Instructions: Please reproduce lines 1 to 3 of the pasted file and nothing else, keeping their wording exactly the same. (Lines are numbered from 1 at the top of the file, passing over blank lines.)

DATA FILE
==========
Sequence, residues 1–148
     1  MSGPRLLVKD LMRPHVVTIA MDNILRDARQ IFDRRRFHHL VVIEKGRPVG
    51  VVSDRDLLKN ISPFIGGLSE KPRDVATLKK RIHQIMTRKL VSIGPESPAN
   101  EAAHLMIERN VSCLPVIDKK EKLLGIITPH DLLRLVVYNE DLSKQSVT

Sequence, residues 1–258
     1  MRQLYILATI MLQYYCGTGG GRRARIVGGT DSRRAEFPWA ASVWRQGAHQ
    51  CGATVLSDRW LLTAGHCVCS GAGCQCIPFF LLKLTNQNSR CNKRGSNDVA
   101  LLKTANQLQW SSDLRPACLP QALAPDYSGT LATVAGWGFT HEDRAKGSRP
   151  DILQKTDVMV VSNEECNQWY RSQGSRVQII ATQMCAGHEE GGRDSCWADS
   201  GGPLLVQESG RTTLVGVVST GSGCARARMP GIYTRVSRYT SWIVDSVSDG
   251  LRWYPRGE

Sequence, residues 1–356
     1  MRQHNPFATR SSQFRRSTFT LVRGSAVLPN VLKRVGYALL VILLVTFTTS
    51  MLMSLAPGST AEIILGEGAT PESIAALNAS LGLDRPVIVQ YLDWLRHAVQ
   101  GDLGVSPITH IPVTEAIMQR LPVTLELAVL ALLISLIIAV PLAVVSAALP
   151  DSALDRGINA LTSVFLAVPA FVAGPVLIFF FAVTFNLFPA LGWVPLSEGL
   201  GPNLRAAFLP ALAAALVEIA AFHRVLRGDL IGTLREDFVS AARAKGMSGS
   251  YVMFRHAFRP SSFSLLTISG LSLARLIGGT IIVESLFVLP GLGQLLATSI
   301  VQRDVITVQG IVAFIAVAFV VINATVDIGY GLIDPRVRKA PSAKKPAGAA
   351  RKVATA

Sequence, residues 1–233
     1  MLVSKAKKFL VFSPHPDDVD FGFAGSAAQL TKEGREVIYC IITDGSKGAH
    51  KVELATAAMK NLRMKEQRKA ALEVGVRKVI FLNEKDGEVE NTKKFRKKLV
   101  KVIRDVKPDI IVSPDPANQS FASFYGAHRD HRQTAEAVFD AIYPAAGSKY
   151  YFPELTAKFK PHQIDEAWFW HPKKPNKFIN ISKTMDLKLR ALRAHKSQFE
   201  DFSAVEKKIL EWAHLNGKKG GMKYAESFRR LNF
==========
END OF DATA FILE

Sequence, residues 1–148
     1  MSGPRLLVKD LMRPHVVTIA MDNILRDARQ IFDRRRFHHL VVIEKGRPVG
    51  VVSDRDLLKN ISPFIGGLSE KPRDVATLKK RIHQIMTRKL VSIGPESPAN